Liver cysts are fluid-filled sacs that do not require treatment unless symptoms develop, such as abdominal bloating or pain. Even though liver cysts are benign and do not cause liver failure, they can signal the presence of an underlying disorder, such as polycystic liver disease or a parasitic infection. In addition to surgical removal, traditional herbal medicines may help to prevent reoccurrence. Discuss all of your treatment options with your doctor before attempting self-treatment with complementary therapies.
This herb contains active compounds called silymarin and silybin that the "Physicians' Desk Reference for Herbal Medicines" describes as hepatoprotective, meaning they protect the liver by blocking toxin-binding receptor sites in the cells of the organ's outer membrane. A review published in the "World Journal of Gastroenterology" in May 2011 finds that both silymarin and silybin demonstrate antioxidant, anti-inflammatory and anti-fibrotic properties. Also, a study published in the July 2011 issue of "Cardiovascular Diabetology" reports that silibinin depletes a protein metabolite that damages the lining of blood cells, or endothelium in diabetic rats. Consult your physician before taking milk thistle if you take other medicines because this herb may interfere with their metabolism in the liver.
According to a study published in the "Journal of Ethnopharmacology" in August 2010, dandelion demonstrates anti-fibrotic properties and promotes the regeneration of liver cells in mice. In the May 2010 issue of "Food and Chemical Toxicology," scientists discuss the effects of two polysaccharides from dandelion that significantly decrease the activity of certain enzymes responsible for producing inflammation and liver lesions. Do not take dandelion preparations without talking to your doctor if you have diabetes, use antacids, or take antibiotics or medications for bipolar disorder because of possible herb-drug interactions.
Artichoke leaves and roots contain compounds that stimulate bile flow and reduce fat concentration. A study published in "Phytotherapy Research" in May 2010 states that artichoke extract positively affects cellular respiration in the livers of rats. Another study published in the same journal in 2008 shows that artichoke protects endothelium cells by suppressing the formation of reactive toxins that occur as byproducts of normal metabolism. Do not take artichoke extract without medical supervision if you have a history of gallstones or a bile duct blockage.
In the July 2007 issue of "American Journal of Physiology, Cell Physiology," scientists propose that the key to reducing liver cysts is to prevent the abnormal growth of epithelial cells by suppressing vascular endothelial growth factor. Agents that suppress VEGF are called angiogenesis inhibitors and, according to a study published in the April 2006 issue of the "International Journal of Cancer," green tea is one of them. The scientists further note that green tea compounds block other factors that allow the growth of rogue blood vessels from existing capillaries, such as interleukin-8. Consult your physician before using green tea if you take other medications to avoid interactions.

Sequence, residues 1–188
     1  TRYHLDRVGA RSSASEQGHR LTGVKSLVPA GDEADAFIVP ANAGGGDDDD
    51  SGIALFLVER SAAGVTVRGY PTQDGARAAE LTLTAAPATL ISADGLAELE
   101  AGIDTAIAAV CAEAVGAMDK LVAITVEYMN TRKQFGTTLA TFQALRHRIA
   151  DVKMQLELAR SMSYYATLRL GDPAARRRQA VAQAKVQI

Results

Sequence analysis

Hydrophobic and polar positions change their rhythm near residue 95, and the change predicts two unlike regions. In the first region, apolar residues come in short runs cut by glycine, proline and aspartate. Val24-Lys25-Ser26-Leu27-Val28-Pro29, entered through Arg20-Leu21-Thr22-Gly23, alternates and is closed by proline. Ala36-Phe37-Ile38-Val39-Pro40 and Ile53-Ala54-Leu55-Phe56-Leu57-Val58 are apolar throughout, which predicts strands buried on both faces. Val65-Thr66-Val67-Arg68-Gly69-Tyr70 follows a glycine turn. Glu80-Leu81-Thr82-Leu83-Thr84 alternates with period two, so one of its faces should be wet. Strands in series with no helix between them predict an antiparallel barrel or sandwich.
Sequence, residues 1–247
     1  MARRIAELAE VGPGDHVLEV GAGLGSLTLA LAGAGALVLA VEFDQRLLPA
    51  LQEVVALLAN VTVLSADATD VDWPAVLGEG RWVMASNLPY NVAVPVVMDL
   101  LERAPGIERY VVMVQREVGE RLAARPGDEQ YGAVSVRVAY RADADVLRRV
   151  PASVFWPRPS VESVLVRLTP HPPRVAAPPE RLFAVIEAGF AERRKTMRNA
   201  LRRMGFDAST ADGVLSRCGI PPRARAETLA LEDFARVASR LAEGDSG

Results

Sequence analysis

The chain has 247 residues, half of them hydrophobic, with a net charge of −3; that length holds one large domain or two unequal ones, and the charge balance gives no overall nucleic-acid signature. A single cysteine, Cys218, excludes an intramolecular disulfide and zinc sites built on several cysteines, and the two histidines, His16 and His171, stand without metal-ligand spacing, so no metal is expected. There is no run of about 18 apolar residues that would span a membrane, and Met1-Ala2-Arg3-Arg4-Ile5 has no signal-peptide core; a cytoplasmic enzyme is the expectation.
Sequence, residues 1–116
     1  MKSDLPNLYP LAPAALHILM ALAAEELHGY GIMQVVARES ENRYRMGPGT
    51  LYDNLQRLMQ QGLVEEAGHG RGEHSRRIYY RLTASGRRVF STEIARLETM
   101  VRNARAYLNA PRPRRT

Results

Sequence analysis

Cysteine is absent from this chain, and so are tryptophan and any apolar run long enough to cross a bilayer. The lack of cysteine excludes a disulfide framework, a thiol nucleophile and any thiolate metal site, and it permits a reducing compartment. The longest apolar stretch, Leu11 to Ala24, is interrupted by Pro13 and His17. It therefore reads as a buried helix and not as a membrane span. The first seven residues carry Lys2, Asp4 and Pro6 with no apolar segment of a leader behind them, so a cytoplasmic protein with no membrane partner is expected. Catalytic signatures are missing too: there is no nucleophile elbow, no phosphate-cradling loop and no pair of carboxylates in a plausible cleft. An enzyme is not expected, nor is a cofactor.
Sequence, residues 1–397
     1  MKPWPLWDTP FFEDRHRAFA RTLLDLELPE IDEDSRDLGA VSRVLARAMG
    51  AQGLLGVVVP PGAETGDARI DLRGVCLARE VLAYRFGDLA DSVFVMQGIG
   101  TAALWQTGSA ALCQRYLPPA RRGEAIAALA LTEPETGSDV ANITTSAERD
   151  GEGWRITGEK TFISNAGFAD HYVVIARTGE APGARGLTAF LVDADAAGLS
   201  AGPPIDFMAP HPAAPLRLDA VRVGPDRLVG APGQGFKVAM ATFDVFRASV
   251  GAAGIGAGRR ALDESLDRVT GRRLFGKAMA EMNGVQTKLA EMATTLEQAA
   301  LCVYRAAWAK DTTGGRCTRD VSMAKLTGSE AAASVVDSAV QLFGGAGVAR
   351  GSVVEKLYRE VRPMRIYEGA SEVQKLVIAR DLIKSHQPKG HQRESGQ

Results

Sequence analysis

Is This an Emergency?
- Cleveland Clinic: Liver Cysts and Tumors
- Physicians’ Desk Reference for Herbal Medicines: Thomas Brendler, et al.
- World Journal of Gastroenterology: Silybin and the Liver: From Basic Research to Clinical Practice
- Cardiovascular Diabetology: Effect of Silibinin on Endothelial Dysfunction and ADMA Levels in Obese Diabetic Mice
- Journal of Ethnopharmacology: Antifibrotic Activity of Taraxacum Officinale Root in Carbon Tetrachloride-Induced Liver Damage in Mice
- Food and Chemical Toxicology: TOP1 and 2, Polysaccharides from Taraxacum Officinale, Attenuate CCl(4)-induced Hepatic Damage Through the Modulation of NF-kappaB and Its Regulatory Mediators
- University of Maryland Medical Center: Dandelion
- Phytotherapy Research; The Effect of Artichoke (Cynara scolymus L.) Extract on Respiratory Chain System Activity in Rat Liver Mitochondria
- Phytotherapy Research: The Effect of Artichoke (Cynara scolymus L.) Extract on ROS Generation in HUVEC Cells
- American Journal of Physiology, Cell Physiology: VEGF Receptor Inhibition Blocks Liver Cyst Growth in pkd2(WS25/-) Mice
- International Journal of Cancer: Green Tea Catechin, Epigallocatechin-3-gallate, Inhibits Vascular Endothelial Growth Factor Angiogenic Signaling by Disrupting the Formation of a Receptor Complex06